When we finally decided to try CIO, I liked the advice I found on this sleep trainer's website. She compares a baby's cries during CIO to her son's cries in his car seat. He never wanted to go in it, but she had to put him in it because it was unsafe not to do so, even if he cried for the entire drive. If your baby is crying simply because they want a sleep crutch, then they're ready for CIO. If there are other reasons for the crying, then they're not ready yet. This made me think about the last time we took Ty on a long road trip from Everett, Washington to Murray, Utah. He slept a lot, but he also cried miserably for hours. The only problem was that he was tired of being in the car seat. What kind of cries would have made me pull over and take him out of his car seat? If he were hungry, we'd pull over and feed him, if he were sick or vomiting, we'd pull over and take care of him, if he were cold, we'd pull over and bundle him up, if he had a soiled diaper, we'd pull over and change it, etc. But if the only reason for the crying was that he was tired of being in the car seat, we kept him in it. Even if we pulled over briefly to give him a little break, we'd eventually have to get back in the car and keep driving. Those are the types of cries that are fine for a child to make when you're doing CIO. Once you've determined that there are no other underlying reasons, it's no great tragedy to let them cry simply because they're not getting what they want (assuming they're at an age when they're mature enough to handle it without becoming traumatized).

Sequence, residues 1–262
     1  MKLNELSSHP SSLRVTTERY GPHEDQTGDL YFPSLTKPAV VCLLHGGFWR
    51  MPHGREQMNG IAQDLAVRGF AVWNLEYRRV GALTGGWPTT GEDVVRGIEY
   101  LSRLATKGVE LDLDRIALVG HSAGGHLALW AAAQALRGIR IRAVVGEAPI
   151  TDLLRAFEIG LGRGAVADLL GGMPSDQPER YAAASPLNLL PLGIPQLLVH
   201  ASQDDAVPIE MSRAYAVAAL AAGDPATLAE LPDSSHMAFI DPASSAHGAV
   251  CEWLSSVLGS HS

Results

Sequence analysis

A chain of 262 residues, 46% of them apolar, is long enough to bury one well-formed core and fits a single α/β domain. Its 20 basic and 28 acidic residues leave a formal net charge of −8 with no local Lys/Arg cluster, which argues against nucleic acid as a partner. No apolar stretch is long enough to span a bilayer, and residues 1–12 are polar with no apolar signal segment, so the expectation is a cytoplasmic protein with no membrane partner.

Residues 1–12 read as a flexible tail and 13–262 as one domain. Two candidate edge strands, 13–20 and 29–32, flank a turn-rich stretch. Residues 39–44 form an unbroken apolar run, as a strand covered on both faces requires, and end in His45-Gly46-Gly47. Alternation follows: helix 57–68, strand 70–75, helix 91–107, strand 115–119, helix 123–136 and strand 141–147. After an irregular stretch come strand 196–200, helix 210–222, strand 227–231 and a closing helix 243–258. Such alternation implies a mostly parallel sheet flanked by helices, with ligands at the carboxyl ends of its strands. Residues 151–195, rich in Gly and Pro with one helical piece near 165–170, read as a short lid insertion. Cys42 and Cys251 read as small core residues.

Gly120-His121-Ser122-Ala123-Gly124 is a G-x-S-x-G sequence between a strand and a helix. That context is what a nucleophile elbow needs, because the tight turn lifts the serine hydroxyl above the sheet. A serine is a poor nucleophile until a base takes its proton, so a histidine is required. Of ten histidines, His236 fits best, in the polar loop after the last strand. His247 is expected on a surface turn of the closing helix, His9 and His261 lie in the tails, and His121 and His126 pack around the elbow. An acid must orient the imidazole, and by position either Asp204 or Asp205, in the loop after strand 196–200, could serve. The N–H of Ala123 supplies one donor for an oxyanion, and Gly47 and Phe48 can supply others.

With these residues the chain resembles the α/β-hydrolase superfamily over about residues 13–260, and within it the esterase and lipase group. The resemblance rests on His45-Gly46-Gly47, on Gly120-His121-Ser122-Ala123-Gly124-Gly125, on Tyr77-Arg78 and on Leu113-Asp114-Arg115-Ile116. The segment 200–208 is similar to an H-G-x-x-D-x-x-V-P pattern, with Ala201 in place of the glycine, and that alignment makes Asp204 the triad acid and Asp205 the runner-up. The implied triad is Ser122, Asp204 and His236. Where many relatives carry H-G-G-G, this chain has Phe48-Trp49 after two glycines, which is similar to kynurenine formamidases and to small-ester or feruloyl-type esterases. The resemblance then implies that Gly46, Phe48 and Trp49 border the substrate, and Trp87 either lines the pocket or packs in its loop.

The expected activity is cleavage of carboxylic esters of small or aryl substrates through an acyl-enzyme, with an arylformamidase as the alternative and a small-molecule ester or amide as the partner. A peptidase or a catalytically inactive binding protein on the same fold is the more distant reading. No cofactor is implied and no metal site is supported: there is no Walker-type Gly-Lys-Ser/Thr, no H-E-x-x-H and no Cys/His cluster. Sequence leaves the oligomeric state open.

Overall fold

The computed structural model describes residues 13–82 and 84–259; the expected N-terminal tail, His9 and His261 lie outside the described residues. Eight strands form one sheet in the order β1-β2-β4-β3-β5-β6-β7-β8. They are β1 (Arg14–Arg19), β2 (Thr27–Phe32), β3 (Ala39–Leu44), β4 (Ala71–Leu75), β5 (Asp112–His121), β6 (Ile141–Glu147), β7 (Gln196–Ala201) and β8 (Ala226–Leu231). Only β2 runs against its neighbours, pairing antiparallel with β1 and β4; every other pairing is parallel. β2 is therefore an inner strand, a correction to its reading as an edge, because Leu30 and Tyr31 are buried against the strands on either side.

Even though Ferberizing our baby eventually worked, it didn't work at 5 months, 5.5 months, 6 months, 6.5 months, and it certainly wouldn't have worked during his first 4 months. He didn't take nearly as long to learn the skill as I was expecting, which I believe is because he adjusted to it better thanks to the no cry techniques we'd already been using. There's no one magic method, and when or if they'll work will vary from baby to baby, but they all have merit. I'm in favor of trying both cry it out and no-cry methods, and if they don't work, try them again when your baby is a little older. He's already got a lot to take in during the short time he's been outside of the womb. Sleeping is a skill that needs to be learned, and like any other subject, be patient with him and give him lots of opportunities to figure out what learning style works best for him.